Lee Jae-yong, the vice-chairman and heir to the Samsung electronics empire, has been arrested in connection with an ongoing corruption probe.
As reported last month, Lee was suspected of connections to disgraced former South Korean President Park Guen-Hye, whose administration disintegrated in a convoluted multi-generational web of intrigue involving bribes, embezzlement and religious cults.
According to the New York Times:
Mr. Lee, Samsung’s vice chairman, was taken to a jail outside Seoul, the capital, soon after a judge at the Seoul Central District Court issued an arrest warrant early Friday.
He is accused of paying $36 million in bribes to President Park Geun-hye’s secretive confidante, Choi Soon-sil, in return for political favors. Those are alleged to include government support for a merger of two Samsung affiliates in 2015 that helped Mr. Lee, 48, inherit corporate control from his incapacitated father, Lee Kun-hee, the chairman.
Samsung, whose market capitalization accounts for one-fourth of the value of all listed companies in South Korea, is a potent national symbol of power, wealth and technological innovation. Mr. Lee is the first head of the conglomerate ever to be arrested on corruption charges. Other charges against him include embezzlement, illegal transfer of property abroad and committing perjury during a parliamentary hearing.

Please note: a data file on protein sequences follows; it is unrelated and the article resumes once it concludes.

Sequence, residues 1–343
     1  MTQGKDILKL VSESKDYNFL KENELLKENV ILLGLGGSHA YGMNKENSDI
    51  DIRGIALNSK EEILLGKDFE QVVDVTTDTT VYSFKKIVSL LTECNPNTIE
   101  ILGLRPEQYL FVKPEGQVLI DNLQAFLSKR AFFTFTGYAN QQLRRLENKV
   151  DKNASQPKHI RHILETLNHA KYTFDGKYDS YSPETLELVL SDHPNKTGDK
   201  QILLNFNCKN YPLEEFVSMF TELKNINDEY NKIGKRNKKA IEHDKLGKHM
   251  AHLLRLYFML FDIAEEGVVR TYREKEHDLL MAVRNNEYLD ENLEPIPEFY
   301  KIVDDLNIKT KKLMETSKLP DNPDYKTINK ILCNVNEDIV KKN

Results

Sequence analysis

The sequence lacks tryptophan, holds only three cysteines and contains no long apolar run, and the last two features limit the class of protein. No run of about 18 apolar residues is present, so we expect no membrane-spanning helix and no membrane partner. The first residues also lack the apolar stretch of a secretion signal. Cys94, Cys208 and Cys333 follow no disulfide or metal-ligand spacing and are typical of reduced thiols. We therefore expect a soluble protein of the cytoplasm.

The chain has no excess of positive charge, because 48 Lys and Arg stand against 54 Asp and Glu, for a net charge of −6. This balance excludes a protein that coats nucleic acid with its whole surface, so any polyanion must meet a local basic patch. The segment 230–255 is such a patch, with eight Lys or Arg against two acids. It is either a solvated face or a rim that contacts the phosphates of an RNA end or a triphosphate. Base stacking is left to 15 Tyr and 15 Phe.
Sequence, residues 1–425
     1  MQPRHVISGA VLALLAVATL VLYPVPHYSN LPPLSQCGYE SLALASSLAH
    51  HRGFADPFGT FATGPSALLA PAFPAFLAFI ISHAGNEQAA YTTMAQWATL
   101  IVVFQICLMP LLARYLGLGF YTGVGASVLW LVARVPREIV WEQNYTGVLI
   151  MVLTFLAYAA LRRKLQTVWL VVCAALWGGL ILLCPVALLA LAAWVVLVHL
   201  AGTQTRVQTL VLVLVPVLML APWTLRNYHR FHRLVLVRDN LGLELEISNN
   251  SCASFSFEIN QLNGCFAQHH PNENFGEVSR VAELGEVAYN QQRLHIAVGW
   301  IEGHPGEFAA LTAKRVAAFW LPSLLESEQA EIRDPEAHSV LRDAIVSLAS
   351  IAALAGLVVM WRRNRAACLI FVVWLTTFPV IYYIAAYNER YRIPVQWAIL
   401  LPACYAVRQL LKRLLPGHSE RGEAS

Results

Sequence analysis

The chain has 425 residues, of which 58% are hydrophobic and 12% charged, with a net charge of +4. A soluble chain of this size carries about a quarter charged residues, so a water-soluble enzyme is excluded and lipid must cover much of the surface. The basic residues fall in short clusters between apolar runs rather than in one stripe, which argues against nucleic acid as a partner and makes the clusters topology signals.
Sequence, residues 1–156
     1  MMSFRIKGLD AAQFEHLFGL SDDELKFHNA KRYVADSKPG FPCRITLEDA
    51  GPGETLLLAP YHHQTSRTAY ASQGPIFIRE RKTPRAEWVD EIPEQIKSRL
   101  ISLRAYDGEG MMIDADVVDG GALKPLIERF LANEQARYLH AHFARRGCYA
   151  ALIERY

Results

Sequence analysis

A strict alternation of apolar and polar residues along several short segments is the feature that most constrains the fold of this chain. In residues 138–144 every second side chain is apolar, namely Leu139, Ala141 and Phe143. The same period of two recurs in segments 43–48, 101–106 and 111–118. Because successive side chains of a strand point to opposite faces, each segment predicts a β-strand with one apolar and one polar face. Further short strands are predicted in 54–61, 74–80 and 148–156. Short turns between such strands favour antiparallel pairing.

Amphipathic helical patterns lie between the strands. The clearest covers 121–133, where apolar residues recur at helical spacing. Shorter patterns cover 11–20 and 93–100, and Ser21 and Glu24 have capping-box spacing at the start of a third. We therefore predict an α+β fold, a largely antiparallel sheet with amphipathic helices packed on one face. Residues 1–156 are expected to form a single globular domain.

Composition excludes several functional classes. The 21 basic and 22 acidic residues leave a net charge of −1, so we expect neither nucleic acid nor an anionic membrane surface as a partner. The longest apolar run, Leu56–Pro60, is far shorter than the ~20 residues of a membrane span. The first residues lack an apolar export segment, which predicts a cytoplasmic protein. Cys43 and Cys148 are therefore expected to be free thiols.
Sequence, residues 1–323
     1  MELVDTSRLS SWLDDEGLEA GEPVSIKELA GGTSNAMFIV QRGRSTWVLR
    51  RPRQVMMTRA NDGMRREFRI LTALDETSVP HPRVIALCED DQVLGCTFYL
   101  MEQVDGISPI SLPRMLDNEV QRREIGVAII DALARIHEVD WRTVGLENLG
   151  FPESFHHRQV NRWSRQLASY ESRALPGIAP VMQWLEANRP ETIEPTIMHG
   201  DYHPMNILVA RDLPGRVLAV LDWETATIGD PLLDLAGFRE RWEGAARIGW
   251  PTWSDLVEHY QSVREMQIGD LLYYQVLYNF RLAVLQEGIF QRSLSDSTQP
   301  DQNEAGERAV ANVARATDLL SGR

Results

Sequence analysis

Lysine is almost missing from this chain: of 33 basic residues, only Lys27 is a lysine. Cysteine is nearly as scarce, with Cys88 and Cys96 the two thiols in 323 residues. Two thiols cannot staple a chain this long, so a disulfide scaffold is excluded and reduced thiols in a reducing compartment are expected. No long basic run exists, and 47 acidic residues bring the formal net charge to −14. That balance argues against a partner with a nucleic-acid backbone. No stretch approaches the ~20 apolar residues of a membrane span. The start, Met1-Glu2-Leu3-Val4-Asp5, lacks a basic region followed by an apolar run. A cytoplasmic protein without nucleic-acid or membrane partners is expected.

Lee Jae-yong is the grandson of the company’s founder and son of the current official chairman, Lee Kun-hee. The elder Lee went on leave from his position in 2014 after a heart attack. Lee Jae-yong, known in the west as Jay Y. Lee, was presumed to be named chairman once his father officially steps down.
Read more at the New York Times.